Wednesday, June 07, 2023

School district mulling changes to scholarship criteria

| September 27, 2006 12:00 AM

By GWEN ALBERS Western News Reporter

Montana University System has always set the guidelines for which top Libby High School seniors receive its highly sought after $16,000 scholarships.

Libby school officials this year will be more involved with that decision.

That's why high school principal Rik Rewerts during the Sept. 19 school board meeting asked trustees to get involved.

"I will come with a recommendation," Rewerts told the board. "Either way it will be somewhat controversial."

MUS for years has awarded one scholarship for every 50 Libby High School seniors. Three of the 144 students from the Class of 2007 will receive $4,000 annually for four years as long as they attend a state school. That includes UM-Missoula, UM Western in Dillon, MSU-Bozeman, Montana Tech in Butte, MSU-Billings and MSU-Northern in Havre.

The top seniors heading for MUS have always been chosen based on their grade-point average without honors courses.

Now MUS is giving schools the option of choosing students with the highest grade-point average with or without honors courses.

"It's the school's choice," Rewerts said. "I would like the school board to make a recommendation."

"The administration could make the decision," added Superintendent Kirby Maki. "I think the board needs to give its stamp of approval."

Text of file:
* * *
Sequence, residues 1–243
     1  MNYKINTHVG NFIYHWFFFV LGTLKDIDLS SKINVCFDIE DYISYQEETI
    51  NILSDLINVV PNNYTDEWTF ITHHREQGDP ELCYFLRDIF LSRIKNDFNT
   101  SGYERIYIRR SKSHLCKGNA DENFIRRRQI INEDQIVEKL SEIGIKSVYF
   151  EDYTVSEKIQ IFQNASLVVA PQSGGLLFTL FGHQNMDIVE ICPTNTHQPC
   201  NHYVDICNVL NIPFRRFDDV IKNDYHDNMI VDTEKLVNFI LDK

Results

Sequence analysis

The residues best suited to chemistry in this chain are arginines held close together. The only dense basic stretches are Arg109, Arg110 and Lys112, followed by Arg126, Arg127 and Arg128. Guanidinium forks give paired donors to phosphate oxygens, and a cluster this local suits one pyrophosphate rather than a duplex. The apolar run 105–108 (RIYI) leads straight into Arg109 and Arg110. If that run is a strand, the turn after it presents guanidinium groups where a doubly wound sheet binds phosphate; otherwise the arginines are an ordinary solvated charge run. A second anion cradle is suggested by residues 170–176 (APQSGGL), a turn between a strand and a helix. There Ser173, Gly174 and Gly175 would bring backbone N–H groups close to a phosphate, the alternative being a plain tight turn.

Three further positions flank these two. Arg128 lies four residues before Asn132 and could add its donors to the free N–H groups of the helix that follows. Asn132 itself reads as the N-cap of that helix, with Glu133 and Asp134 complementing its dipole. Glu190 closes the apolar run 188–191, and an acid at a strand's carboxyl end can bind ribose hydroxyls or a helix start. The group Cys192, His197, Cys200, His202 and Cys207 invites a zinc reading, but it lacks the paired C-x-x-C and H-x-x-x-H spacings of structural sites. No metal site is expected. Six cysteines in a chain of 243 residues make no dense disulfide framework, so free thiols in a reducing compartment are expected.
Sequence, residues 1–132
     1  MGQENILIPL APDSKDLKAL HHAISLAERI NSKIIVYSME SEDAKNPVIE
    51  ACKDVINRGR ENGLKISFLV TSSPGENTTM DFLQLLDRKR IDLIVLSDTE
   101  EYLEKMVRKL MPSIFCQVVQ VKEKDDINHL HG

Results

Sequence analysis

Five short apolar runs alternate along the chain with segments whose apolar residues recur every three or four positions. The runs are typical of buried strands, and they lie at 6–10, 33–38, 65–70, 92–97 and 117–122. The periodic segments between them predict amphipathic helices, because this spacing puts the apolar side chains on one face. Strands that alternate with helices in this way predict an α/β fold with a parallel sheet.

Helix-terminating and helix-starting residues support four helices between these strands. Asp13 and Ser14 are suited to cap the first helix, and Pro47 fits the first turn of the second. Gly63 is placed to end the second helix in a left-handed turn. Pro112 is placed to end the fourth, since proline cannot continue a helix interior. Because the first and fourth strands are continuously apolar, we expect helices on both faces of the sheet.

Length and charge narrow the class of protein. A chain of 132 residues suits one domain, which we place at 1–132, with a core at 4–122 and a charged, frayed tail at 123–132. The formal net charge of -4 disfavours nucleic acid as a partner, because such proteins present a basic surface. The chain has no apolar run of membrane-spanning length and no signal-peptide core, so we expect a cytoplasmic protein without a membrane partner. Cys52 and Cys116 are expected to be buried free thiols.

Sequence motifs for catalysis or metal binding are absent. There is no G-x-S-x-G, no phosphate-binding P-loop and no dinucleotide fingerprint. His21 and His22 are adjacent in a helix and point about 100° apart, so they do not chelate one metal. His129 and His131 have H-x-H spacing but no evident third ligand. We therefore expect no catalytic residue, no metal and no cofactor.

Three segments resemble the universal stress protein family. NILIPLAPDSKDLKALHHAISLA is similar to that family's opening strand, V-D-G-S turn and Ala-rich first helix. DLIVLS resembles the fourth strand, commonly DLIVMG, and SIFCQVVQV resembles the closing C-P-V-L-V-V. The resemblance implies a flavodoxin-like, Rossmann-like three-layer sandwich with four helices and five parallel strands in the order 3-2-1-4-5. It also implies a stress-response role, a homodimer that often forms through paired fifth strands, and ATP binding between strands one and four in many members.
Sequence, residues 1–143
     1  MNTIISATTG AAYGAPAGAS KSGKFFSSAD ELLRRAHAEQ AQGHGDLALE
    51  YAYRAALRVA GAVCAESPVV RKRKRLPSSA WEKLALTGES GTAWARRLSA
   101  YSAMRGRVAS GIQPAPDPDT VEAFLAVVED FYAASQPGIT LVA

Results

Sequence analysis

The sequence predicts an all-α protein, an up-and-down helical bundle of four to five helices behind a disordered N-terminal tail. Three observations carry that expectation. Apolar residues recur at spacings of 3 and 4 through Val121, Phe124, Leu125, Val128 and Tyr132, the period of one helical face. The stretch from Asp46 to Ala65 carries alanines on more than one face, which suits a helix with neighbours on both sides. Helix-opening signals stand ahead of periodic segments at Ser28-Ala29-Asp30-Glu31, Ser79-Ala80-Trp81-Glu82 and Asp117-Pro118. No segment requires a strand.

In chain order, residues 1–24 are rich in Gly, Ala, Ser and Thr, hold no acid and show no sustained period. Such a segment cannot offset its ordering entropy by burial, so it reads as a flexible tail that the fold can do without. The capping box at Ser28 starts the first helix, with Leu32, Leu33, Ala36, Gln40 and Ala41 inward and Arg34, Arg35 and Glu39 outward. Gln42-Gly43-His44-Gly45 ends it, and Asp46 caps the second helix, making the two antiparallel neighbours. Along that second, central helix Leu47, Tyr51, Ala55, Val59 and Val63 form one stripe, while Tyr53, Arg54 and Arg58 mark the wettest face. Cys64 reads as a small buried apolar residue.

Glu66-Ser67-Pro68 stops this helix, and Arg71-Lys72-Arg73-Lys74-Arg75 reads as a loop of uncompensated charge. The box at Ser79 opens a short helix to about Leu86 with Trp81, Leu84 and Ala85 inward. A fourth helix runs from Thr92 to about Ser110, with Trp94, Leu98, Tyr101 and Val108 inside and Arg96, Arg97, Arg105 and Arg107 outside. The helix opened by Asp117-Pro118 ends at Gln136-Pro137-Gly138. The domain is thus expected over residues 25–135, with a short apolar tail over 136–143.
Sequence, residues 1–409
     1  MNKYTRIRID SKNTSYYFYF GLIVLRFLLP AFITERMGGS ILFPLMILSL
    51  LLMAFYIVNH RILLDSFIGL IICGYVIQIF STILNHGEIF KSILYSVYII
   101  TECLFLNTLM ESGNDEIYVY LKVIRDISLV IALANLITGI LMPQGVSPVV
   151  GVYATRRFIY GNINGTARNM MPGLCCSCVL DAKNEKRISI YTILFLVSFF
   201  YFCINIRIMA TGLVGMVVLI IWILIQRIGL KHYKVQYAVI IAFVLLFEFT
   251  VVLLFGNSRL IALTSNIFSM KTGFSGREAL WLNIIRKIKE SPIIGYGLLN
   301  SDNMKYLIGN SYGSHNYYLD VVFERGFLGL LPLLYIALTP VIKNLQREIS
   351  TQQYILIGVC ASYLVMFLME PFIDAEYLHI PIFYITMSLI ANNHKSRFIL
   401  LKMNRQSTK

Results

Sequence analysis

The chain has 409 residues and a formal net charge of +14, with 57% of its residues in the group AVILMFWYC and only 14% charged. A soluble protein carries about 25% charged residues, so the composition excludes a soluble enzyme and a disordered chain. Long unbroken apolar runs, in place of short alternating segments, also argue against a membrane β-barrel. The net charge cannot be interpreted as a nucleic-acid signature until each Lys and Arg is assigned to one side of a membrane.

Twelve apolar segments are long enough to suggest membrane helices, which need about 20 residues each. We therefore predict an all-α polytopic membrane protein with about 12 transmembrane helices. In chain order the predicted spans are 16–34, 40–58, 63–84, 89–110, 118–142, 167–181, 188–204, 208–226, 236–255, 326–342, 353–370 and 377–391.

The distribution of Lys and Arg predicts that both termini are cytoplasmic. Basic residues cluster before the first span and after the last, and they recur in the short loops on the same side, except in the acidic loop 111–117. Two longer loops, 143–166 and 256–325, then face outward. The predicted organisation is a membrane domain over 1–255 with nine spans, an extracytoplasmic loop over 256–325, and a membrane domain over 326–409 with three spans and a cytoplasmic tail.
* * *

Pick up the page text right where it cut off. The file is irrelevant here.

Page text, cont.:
Beginning in ninth grade, students can take honors courses in English, history, principles of democracy, pre-calculus and physics. Each course can boost the grade-point average above the traditional 4.0.

Whether school officials go with the GPA that includes honors courses or doesn't will effect potential scholarship recipients, Rewerts said.

"This year it only involves a couple of students," he said. "Next year it will involve as many as 11 students. So the bottom line is if we choose to change it in mid-stream, we will effect kids."

"If we don't change it, it won't hurt kids who were in line (for the scholarships)," Rewerts continued. "I think we're going to try to make a decision that will have the least impact."

Options he plans to present to the board during its 4 p.m. Tuesday, Oct. 10, meeting will include making no changes, change it for this year or change it in two years.

Rewerts would like the board to make the decision during that meeting so he can meet an extended deadline.

"The bottom line is I want to be as fair as possible and I do not want to put kids in a position where they will get hurt," he said.